On the supply side, addressing climate change has caused many mining companies to abandon production, creating a coal shortage. Rising crude oil and natural gas prices only put more upside pressure on coal demand as it is an inexpensive alternative to the other hydrocarbons. Tight supplies and increasing demand create a potent bullish cocktail for the most despised fossil fuel.
Natural gas inventories are low going into the peak season
Natural gas rose to its highest price since February 2014 as shortages in Europe and Asia have pushed the price to record levels. Meanwhile, the US has been shipping LNG abroad in increasing quantities, which siphons off the amounts going into storage for the upcoming winter season, the peak time of the year for natural gas demand. Natural gas futures prices tend to rise from November through February during the uncertainty of the winter temperatures. A cold start to the winter season tends to push natural gas prices higher. Winter came very early this year as the price moved to the $6.466 per MMBtu high. A cold winter may cause even more explosive action in the natural gas futures arena as we move into the peak season with lower supplies than in the past years.
As the chart highlights, the Energy Information Administration reported that natural gas in storage across the US was 13.9% below last year’s level and 5.1% under the five-year average as of the week ending on Oct. 1. Inventories are below the levels in all regions, with the most significant gaps in the pacific states.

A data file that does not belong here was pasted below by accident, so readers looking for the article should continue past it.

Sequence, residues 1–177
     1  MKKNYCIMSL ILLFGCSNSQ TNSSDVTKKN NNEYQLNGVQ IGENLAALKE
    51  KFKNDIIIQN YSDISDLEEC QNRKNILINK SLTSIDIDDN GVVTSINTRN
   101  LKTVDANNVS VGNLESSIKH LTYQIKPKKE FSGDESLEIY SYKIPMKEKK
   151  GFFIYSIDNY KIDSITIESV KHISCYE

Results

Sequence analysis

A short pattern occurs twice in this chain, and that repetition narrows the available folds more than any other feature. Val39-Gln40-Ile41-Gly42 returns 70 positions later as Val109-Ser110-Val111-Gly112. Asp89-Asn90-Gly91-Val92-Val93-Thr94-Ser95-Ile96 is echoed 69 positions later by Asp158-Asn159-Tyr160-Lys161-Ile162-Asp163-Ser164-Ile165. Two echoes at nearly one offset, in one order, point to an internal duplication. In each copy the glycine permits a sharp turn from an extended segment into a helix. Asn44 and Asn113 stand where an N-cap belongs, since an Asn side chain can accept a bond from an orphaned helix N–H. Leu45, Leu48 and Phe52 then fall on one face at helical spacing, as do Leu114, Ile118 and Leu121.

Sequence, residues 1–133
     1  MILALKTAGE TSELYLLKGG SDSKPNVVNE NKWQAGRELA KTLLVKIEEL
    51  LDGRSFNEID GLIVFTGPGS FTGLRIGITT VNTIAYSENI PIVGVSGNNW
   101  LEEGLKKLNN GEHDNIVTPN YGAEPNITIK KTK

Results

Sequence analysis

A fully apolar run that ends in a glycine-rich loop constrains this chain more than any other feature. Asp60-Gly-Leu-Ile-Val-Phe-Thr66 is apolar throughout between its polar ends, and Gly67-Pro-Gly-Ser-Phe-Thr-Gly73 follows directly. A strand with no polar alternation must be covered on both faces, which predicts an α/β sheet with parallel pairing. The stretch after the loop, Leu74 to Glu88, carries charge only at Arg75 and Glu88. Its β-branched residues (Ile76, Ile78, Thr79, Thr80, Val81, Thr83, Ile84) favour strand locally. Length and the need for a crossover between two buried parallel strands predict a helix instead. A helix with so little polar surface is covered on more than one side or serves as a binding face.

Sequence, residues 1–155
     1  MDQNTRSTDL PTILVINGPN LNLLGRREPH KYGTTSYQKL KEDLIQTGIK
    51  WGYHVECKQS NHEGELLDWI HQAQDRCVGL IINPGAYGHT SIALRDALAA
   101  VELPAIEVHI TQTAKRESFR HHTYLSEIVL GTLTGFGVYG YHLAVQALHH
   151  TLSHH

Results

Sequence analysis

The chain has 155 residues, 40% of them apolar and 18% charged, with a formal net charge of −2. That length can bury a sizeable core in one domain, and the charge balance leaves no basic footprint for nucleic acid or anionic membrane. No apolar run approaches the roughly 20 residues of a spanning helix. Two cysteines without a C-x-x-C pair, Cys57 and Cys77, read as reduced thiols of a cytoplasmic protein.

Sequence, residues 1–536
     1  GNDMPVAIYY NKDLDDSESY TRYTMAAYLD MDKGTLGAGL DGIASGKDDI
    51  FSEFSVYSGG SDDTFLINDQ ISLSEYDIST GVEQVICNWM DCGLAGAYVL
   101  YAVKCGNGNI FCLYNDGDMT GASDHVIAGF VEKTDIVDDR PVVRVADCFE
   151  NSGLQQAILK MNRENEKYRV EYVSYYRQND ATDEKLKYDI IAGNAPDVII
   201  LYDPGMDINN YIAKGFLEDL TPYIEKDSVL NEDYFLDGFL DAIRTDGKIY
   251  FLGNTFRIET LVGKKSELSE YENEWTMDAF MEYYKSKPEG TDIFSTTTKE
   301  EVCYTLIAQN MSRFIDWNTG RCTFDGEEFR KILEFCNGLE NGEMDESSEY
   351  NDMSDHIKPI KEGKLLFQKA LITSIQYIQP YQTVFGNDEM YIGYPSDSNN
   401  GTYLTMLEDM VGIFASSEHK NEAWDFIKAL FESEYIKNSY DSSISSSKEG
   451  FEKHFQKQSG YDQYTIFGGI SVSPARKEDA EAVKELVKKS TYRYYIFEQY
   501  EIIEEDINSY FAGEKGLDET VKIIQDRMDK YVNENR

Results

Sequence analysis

Below-average temperatures over the coming weeks would likely reignite natural gas on the upside after the recent decline.
Russia flexes its energy muscles - Natural gas 'put in' a bearish reversal on the day President Putin promised supplies for Europe
On Oct. 6, Russian President Putin pledged to supply Europe with natural gas over the coming winter season. However, the Russian leader neglected to tell Europeans how much he would be charging for the energy commodity. European and Asian natural gas prices have risen to record highs over the past weeks, far above the all-time $15.65 per MMBtu high in the US natural gas futures market.
Meanwhile, the pledge from Russia took some pressure off the futures market, which 'put in' a bearish reversal pattern on the daily chart on Oct. 6, the day of President Putin’s pledge.
As the chart highlights, natural gas rose to a new high on Oct. 6 and closed below the previous day’s lows, putting in a bearish key reversal trading pattern on the daily chart. The price followed through on the downside, correcting to below the $5.20 level on Oct. 12 before bouncing higher. Technical support for the November futures stands at the Sept. 21 $4.766 low, with resistance at the Oct. 6 high, and the February 2014 $6.493 per MMBtu long-term peak.
In Q3, the energy sector excluding coal moved 8.76% higher. Over the first nine months of 2021, it posted a 64.07% gain. Crude oil, oil products, and ethanol prices are higher than the September 30 closing levels in mid-October. Natural gas has corrected lower from the $5.867 to the $5.59 level. Meanwhile, energy commodities remain in bullish trends. Energy has been the leading sector in 2021, and that looks likely to continue. US energy policy is taking a greener path, weighing on output. Inflationary pressures continue to rise. OPEC and Russia are likely to look to squeeze consumers, and global demand continues to increase. Rising demand and falling supplies is a fundamentally bullish cocktail that could mean the rallies in fossil fuels and all energy products are just getting started.